Format

Send to

Choose Destination
See comment in PubMed Commons below
Diabetologia. 2002 Dec;45(12):1639-48. Epub 2002 Oct 30.

First-phase insulin response in young healthy children at genetic and immunological risk for Type I diabetes.

Author information

  • 1The JDRF Center for Prevention of Type I Diabetes in Finland. paivi.keskinen@uta.fi

Abstract

AIMS/HYPOTHESIS:

A reduced first-phase insulin response to intravenous glucose is perceived as a sign of far-advanced deterioration of beta-cell function during the development of Type I (insulin-dependent) diabetes mellitus, but data on insulin responses at the onset of diabetes-related autoimmunity are lacking. We studied the first-phase insulin responses of small children soon after observed seroconversion to autoantibody positivity.

METHODS:

In the Type I Diabetes Prediction and Prevention Study newborn infants are screened for HLA-DQB1-associated genetic risk for Type I diabetes and those with increased risk are followed-up for the emergence of islet-cell antibodies. If antibodies are detected, autoantibodies to three other antigens (insulin, GAD65 and IA-2) are also measured. To measure first-phase insulin responses, intravenous glucose tolerance tests were carried out in 52 (1 to 5-year-old) children who had recently seroconverted to islet-cell antibody positivity.

RESULTS:

The first-phase insulin response was subnormal (<38 mU/l, the 5(th) percentile of insulin responses of 20 islet-cell antibody negative healthy children at this age) in 22 of the 52 children (42%). Stepwise multiregression analysis showed that islet-cell antibody greater than 20 JDFU (p=0.0005), insulin autoantibodies (p=0.0009) and an increasing number of positive autoantibodies (p=0.0011) were independent predictors of low first-phase insulin response.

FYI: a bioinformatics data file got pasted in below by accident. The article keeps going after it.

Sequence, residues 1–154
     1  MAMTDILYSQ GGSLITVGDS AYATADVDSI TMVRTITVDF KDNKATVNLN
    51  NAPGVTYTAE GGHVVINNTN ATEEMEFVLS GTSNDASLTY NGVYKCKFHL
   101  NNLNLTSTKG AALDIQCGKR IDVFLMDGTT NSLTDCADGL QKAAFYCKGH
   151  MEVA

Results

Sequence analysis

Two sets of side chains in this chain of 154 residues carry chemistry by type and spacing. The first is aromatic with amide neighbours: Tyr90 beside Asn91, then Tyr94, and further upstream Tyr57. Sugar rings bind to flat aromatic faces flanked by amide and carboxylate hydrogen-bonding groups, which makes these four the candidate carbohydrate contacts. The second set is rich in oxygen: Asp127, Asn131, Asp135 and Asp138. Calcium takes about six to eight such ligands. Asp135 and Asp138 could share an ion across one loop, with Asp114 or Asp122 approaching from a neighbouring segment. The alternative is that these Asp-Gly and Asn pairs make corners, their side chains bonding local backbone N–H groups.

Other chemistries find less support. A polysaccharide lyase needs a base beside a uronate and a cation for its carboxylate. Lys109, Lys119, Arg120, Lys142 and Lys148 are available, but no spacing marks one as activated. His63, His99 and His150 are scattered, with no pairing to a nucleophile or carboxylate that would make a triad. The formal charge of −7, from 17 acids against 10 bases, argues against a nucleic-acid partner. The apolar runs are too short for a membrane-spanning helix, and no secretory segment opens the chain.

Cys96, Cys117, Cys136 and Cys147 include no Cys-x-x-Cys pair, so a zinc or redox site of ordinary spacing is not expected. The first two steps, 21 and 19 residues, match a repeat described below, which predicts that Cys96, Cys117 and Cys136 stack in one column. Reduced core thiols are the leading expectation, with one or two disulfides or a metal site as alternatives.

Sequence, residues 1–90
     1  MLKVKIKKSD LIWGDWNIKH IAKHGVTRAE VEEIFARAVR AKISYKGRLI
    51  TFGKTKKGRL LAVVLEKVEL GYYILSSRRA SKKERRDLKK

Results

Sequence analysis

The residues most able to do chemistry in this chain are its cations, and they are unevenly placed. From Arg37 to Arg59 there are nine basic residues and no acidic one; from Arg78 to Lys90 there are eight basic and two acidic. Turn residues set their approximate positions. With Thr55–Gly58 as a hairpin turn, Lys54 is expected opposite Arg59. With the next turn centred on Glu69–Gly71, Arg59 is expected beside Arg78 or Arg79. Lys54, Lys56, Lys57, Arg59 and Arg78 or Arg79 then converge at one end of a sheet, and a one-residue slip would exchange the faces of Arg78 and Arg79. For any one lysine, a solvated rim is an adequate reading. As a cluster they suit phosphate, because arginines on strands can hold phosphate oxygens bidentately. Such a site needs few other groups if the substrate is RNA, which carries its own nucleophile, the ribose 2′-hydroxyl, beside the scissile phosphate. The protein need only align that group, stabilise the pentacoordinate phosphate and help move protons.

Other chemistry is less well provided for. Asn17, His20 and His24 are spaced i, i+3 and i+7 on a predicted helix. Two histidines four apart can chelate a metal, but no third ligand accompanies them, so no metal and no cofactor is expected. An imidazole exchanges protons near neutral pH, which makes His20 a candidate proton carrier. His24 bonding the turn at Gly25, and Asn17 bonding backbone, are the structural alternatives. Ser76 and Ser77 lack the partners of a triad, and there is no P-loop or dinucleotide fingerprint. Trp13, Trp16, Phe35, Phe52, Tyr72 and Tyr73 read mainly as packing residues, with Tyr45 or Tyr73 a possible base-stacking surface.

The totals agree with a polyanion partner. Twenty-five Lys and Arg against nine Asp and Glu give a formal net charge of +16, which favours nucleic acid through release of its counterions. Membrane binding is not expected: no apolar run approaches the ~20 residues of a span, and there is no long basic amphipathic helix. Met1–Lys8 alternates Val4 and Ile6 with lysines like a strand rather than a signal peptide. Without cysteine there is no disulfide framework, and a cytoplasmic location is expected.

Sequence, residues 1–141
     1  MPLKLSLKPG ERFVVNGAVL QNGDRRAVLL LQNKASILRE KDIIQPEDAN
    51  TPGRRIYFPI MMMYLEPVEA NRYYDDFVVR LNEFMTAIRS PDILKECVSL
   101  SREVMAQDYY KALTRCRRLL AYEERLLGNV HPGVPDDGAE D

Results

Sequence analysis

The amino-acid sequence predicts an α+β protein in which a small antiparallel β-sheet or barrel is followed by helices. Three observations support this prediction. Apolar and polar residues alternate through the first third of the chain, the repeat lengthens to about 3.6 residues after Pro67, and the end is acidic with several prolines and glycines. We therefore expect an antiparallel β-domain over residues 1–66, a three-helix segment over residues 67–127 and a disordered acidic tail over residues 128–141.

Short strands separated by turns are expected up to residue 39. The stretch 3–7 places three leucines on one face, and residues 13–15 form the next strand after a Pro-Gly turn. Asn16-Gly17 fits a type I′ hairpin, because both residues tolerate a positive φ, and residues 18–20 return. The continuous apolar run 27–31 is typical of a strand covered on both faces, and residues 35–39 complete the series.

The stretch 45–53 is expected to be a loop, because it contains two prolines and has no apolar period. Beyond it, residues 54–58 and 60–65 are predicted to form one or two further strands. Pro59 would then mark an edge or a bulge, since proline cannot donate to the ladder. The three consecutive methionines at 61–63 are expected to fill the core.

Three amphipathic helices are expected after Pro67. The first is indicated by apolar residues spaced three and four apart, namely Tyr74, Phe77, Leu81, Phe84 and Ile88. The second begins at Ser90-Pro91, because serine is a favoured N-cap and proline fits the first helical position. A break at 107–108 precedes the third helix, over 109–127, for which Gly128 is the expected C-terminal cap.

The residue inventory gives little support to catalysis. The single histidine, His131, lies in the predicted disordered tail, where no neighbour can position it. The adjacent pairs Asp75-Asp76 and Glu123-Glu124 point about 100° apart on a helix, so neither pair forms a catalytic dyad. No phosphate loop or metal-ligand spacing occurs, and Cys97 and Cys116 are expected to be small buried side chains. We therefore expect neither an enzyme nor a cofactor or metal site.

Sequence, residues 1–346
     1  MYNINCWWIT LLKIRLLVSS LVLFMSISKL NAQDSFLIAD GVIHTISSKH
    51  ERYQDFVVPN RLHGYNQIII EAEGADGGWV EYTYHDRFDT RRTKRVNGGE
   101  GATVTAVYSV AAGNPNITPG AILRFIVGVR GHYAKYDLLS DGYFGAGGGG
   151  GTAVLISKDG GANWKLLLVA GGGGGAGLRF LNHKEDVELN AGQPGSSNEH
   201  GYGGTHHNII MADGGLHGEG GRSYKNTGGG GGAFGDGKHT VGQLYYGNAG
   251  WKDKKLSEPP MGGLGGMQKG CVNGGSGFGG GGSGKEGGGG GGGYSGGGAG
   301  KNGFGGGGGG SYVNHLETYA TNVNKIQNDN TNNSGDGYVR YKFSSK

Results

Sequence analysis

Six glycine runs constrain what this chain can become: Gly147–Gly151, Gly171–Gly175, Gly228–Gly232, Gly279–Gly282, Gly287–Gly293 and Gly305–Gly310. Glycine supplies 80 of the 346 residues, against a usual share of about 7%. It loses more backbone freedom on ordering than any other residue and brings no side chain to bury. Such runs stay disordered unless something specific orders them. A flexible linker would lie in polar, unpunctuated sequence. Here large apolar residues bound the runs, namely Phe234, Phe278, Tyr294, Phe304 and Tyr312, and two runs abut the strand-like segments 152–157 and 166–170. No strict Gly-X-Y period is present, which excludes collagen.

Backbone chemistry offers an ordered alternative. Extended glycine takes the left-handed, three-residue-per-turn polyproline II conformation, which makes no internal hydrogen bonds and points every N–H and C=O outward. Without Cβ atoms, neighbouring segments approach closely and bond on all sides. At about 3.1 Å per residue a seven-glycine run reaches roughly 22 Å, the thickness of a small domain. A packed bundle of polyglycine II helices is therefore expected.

CONCLUSION/INTERPRETATION:

A decreased first-phase insulin response could be an early phenomenon in the course of prediabetes in young children, implying a rapid autoimmune destruction or loss of function of beta cells as well as possible metabolic compensation mechanisms, since 11 out of the 22 high risk children remain nondiabetic for a considerable period of time despite low insulin responses.

[PubMed - indexed for MEDLINE]
PubMed Commons home

PubMed Commons

0 comments
How to join PubMed Commons

    Supplemental Content

    Full text links

    Icon for Springer
    Loading ...
    Write to the Help Desk